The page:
Factored language model

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The factored language model (FLM) is an extension of a conventional language model. In an FLM, each word is viewed as a vector of k factors: w_i = \{f_i^1, ..., f_i^k\}. An FLM provides the probabilistic model P(f|f_1, ..., f_N) where the prediction of a factor f is based on N parents \{f_1, ..., f_N\}. For example, if w represents a word token and t represents a Part of speech tag for English, the expression P(w_i|w_{i-2}, w_{i-1}, t_{i-1}) gives a model for predicting current word token based on a traditional Ngram model as well as the Part of speech tag of the previous word.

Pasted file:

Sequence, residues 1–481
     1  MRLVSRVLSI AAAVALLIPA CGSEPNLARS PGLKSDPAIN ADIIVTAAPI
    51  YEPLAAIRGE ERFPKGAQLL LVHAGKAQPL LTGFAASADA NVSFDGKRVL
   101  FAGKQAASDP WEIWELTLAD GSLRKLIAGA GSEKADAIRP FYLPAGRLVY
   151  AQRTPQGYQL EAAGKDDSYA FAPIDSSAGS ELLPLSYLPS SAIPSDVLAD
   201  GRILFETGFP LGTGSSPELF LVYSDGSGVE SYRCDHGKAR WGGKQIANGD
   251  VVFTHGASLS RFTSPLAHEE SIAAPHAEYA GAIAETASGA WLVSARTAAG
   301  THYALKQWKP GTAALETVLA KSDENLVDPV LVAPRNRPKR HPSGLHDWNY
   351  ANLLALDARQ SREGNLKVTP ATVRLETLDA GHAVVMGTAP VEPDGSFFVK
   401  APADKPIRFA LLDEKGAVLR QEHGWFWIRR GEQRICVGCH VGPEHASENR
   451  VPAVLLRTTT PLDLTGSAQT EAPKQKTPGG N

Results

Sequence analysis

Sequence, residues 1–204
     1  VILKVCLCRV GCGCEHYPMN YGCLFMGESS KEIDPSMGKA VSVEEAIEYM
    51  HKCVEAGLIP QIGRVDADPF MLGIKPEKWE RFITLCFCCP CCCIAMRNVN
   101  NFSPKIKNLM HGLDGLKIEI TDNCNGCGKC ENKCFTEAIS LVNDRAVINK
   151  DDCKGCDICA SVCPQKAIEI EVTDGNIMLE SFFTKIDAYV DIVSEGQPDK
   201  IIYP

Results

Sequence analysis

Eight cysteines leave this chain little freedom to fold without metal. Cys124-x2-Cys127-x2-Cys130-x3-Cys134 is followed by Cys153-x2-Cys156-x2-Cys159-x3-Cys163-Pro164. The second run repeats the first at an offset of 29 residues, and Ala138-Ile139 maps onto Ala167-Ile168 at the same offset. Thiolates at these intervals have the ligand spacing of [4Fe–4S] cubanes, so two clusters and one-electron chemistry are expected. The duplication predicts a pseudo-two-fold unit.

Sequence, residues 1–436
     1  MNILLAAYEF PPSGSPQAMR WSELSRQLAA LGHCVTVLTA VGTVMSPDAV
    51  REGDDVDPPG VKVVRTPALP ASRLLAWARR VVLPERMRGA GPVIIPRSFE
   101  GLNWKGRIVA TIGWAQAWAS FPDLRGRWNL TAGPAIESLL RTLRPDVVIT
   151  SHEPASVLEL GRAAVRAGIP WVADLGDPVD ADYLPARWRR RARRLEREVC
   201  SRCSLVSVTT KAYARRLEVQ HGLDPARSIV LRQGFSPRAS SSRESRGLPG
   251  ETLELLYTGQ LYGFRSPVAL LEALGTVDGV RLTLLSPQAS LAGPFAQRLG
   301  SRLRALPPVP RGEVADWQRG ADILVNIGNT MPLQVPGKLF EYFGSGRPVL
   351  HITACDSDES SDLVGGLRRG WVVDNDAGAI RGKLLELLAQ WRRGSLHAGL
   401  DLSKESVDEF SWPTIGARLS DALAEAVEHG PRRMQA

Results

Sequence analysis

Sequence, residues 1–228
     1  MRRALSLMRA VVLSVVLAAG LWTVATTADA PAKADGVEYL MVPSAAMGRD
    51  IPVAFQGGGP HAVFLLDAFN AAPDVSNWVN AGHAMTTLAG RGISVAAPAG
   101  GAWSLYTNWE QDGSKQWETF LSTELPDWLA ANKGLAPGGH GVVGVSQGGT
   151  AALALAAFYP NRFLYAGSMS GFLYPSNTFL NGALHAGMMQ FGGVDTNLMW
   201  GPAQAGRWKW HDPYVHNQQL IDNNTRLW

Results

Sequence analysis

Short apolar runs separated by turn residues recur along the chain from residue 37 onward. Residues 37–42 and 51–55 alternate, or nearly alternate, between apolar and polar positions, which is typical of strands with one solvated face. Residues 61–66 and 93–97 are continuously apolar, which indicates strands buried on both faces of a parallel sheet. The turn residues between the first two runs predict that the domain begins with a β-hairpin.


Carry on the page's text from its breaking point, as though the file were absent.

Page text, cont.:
A major advantage of factored language models is that they allow users to specify linguistic knowledge such as the relationship between word tokens and Part of speech in English, or morphological information (stems, root, etc.) in Arabic.

Like N-gram models, smoothing techniques are necessary in parameter estimation. In particular, generalized back-off is used in training an FLM.

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